Let’s be straight here. This post isn’t going to tell you how and why cancer cells start growing.
No one really knows that for certain. And I don’t think it even comes down to one reason; there’s a myriad of them.
What it is going to do, is help you to understand how it works.
It’s not a direct answer. Rather, it’s an analogy to give us an idea of what it means.
Normal Cells in our Body
I might be stating the obvious but I think I need to make it clear: our bodies are made up of a lot of cells. Millions of them.
And you know what? The few million cells we have today are going to be different from the few million cells we have next week.
Why? The ones we have keep dying off and our bodies become cell factories to replace them.
But this isn’t a bad thing. In fact, it’s exactly how we were created to be and it keeps our bodies fresh and functioning well.
It only works, however, because we have a tightly kept system in place.
Our body keeps track of the life cycle of all of our cells. It programmes the old cells to die out at the right time and has new ones to take over.
The process of making new cells isn’t simple, though.
Even though we have millions of them, each one is unique and intricate. Each one needs to be perfect in order for it to function perfectly.
Sometimes, the body makes mistakes. And those mistakes can lead to a fatal loss of control.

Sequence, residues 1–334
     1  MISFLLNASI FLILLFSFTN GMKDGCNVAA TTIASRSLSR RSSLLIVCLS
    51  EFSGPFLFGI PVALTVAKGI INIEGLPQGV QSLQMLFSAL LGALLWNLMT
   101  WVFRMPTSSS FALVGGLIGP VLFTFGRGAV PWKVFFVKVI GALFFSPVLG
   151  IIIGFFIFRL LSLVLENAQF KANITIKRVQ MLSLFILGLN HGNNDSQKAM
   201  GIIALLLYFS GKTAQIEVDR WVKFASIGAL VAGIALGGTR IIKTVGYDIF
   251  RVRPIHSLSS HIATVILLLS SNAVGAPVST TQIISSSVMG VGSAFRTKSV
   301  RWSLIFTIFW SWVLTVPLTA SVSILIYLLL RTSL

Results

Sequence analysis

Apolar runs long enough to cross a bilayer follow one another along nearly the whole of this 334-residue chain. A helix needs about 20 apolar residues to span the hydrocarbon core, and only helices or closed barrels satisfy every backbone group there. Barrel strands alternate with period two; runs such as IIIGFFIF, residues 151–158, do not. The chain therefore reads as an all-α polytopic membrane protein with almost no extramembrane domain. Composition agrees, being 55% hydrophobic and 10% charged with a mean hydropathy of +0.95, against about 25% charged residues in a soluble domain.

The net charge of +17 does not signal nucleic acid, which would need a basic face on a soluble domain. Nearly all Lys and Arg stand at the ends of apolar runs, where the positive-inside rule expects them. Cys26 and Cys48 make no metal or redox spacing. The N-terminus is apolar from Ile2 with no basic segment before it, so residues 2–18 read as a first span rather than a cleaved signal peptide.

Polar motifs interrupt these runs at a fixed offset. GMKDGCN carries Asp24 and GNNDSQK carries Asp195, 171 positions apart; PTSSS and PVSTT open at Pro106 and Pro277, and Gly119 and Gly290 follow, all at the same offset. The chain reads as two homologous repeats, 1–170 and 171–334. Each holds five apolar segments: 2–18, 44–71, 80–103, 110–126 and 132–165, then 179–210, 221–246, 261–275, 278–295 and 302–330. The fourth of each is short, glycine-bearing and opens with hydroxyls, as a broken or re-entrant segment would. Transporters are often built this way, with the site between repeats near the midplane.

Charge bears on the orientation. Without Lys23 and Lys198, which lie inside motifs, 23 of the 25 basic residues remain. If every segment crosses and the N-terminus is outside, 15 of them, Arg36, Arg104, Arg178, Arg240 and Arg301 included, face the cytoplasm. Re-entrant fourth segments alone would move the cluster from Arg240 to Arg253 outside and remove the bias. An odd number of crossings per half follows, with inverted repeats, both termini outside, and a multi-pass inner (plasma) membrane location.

How They Become Cancer Cells
Cancer cells are simply normal cells with a few defects.
The main issue with cancer cells, is that the body loses the ability to monitor and affect how they replicate. Without the control
of how fast they grow, they have the potential to take over the rest of our body. And they do.
So how can this happen to the cells?
Essentially, it’s a series of little mistakes.
Let’s keep in mind that the body continually needs to reproduce thousands of intricate cells. Eventually, at one point or another, we trip up and make a small mistake.
It might not matter at first. Our body keeps on going as usual, but some of the cells we are reproducing have an undetectable defect.
But then, maybe a month or maybe a decade later, we make another mistake. Then the cells we a reproducing have two defects.
At this point, it’s helpful to think of it like layers of material. If there’s a hole in one layer, we might not notice. But when we start to get multiple holes, in all the layers, they might start to match up on top of each other, until the hole becomes glaringly obvious. Then it really starts to make a difference.
It can take varying amounts of time for the body to make mistakes in the replication of our cells, and for those mistakes to lead to losing control of the cell replication.
When we no longer have control over how the cells behave, we call them cancer cells. That’s when they become dangerous because they can take over our body, where the normal cells should be reigning.
A Quick Summary
This is a very simplistic explanation. There are obviously more things at play when cancer cells are formed in the body. But technical details aren’t the aim of this post. The focus here is to understand the general concept of cancer cells.
That is, eventually our bodies make mistakes and replicate defected cells. Enough mistakes and we can begin to create uncontrollable cells inside us. These are the cancer cells.
The issue then is finding a way to control them once more.